I know I oftentimes lament the spoiler-heavy torrent of information, reveals, and plot-twists that occur in trailers for most major Hollywood films, but this time around it’s the complete opposite. I have no clue what the heck 6 Underground is about after watching three minutes of nonsensical explosions, shootouts, sex scenes, and Ryan Reynolds’ patented dry-humor shtick.
The film is about people who are supposed to be dead, or at least declared dead on their records, but they’re still alive and kicking.
I don’t really get it but this small group of mercenaries do what they want, go where they want, and use a lot of high-tech equipment without answering to anyone.
Where do they get their funding? No idea. Why are they going after “bad guys”? Don’t know. How do they recruit people who aren’t dead but declared dead? They don’t say.
I can’t even tell you what they’re actually doing in the movie other than shooting at guys and blowing stuff up. Maybe you glean more details about the plot than I could by viewing the trailer below, courtesy of Movieclips Trailers.
So a couple of things.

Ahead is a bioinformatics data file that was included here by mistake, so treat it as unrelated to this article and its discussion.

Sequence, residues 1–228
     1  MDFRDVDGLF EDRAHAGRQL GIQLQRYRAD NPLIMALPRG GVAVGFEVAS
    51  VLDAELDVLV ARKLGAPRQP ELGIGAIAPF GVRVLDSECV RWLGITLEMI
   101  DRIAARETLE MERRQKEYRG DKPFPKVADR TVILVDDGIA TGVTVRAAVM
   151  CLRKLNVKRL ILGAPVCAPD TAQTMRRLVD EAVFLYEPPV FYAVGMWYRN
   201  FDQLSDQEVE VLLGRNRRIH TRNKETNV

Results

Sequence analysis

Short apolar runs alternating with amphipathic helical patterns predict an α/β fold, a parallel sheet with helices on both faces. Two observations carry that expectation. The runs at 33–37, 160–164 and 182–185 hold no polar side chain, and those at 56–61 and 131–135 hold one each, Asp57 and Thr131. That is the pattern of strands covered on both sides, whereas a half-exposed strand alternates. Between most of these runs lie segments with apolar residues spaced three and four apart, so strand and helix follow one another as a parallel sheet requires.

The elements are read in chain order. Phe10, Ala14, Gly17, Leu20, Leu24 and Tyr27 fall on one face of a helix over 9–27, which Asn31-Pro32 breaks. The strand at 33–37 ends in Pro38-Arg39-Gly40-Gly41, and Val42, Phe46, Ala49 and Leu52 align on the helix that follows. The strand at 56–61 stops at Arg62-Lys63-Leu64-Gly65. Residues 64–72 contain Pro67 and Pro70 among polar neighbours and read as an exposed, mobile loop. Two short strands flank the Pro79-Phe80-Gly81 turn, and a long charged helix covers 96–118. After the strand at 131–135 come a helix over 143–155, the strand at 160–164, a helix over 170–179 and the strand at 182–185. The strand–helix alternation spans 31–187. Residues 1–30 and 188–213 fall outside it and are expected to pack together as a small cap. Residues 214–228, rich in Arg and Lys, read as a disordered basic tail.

The description on the YouTube video is that six billionaires fake their own deaths to become vigilantes. Why? I don’t know. It makes even less sense when you think about them acting like military operatives when they could just live comfortably in their cushy lives. It literally makes no sense.
Anyway, there’s an ‘F’ bomb and shot of a hot chick in a thong, yet at the end of the trailer they say the film isn’t rated yet. Are they daft or just blind, deaf and mute? Then again maybe the MPAA will get paid off and the film will escape with a PG-13 rating.
In any case, I can’t say if this is a film worth getting excited about. The person doing most of the shooting, stabbing, and blowing up appeared to be a frail, runway model with blonde hair and the archetypical strong-women gimmick. It would be doubly disappointing if all the wetwork was handled by an autonomous mannequin.
As usual, the film looks gorgeous with its cinematography and color grading, which are mandatory movie staples in a Michael Bay film. The always top-notch sunset quality filter makes a return, and the vehicles, women, and guns all get bedizened in Bay’s typical fetishistic manner. However, I didn’t think it was possible to see nearly three and a half minutes of a film and still have no idea what it’s about.
None of the dialogue made a lick of sense, and the scenes were about as cohesive as the gel pouring out of a dismembered Stretch Armstrong doll.
I don’t really know who this film is catering toward, but I’m sure when we receive a more coherent trailer with a cogent plotline, it’ll make for potentially more interesting fanfare.
The movie is set to release on December 13th, 2019.